When might we see more complete data, and what are investors’ best options for fast adjudication based on what we’ve seen so far? The panelists may have some insights to share at the webinar, including how the RIA’s visa set-asides have fared over the past 18 months.
Rural visas and priority processing
The Reform and Integrity Act included a provision for 20% of visas to be reserved for rural investments, with priority processing given to those applications. Just how fast this priority processing would be was unclear at the time, but there have been recent reports of I-526E processing times of less than a year for rural investments.
A common opinion upon the bill’s passage was that these reserved visas would bring renewed interest from investors from countries like China with long wait times. Some skeptical observers cautioned the 20% quota could quickly be reached, reducing the appeal of rural projects. Has the projected demand for rural projects panned out, or was it all hype?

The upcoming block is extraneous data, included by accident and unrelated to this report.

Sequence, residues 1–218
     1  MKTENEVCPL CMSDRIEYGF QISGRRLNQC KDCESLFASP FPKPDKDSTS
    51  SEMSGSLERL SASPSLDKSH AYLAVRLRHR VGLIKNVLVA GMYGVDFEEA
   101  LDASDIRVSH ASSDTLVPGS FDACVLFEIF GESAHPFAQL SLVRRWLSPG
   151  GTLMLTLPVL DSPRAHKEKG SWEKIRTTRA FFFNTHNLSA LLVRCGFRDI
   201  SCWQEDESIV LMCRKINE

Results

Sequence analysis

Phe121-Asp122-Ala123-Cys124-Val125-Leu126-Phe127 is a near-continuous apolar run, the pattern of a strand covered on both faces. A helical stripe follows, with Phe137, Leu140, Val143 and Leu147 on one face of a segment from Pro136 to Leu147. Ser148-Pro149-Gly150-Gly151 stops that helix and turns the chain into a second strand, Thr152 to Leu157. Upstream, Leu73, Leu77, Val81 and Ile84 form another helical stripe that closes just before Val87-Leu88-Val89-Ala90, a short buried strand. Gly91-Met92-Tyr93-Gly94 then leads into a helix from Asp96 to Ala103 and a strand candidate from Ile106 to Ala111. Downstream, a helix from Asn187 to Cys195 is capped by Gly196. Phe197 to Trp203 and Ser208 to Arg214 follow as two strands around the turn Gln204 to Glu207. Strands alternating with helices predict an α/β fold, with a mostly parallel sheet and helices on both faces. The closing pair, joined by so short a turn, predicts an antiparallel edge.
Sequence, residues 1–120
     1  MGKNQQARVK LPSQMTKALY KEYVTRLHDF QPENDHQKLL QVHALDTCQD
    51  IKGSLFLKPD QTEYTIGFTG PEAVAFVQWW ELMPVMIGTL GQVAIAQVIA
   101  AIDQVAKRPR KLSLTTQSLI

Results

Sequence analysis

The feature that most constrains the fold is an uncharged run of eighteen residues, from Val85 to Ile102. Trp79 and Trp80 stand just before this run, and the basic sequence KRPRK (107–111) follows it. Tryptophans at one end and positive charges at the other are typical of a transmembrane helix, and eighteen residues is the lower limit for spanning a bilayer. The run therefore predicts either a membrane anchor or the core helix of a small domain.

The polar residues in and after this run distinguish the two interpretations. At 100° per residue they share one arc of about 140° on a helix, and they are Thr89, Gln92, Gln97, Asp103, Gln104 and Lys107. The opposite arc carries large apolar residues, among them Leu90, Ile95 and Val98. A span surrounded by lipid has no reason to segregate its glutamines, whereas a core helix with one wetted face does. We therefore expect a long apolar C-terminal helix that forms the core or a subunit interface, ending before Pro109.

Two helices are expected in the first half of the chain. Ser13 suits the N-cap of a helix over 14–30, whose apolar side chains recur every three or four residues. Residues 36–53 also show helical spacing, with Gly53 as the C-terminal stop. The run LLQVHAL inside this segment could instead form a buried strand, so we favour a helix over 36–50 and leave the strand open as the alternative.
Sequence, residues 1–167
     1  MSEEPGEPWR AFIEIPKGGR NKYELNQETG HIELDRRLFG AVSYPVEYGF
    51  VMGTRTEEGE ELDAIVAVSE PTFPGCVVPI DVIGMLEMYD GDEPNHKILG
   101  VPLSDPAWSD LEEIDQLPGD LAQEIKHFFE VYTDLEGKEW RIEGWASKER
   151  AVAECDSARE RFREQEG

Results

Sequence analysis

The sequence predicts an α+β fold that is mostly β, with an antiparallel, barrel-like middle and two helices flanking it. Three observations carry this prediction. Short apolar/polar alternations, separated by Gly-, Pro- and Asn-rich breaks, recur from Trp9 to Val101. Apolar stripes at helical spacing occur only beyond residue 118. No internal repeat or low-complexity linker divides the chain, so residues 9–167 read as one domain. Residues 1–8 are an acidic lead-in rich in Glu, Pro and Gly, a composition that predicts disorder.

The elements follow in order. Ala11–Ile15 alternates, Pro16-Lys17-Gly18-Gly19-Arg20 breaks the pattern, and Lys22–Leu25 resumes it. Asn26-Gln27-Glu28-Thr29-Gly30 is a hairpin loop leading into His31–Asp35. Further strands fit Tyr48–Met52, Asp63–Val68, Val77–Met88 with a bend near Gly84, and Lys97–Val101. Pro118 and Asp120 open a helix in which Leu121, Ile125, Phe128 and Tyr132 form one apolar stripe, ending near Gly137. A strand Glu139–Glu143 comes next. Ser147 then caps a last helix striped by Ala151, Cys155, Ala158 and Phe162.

We asked panelist Dan Wycklendt, President at FirstPathway Partners and Director of IIUSA, about reports of processing times of less than a year for rural investments.
“It is encouraging to see USCIS paying attention to provisions in the RIA,” he said. “This provides stakeholders with hope that USCIS may ultimately reach RIA legislated goals and the USCIS internal cycle time goal of less than 6 months for processing any I-526E petition, regardless of the project’s location.”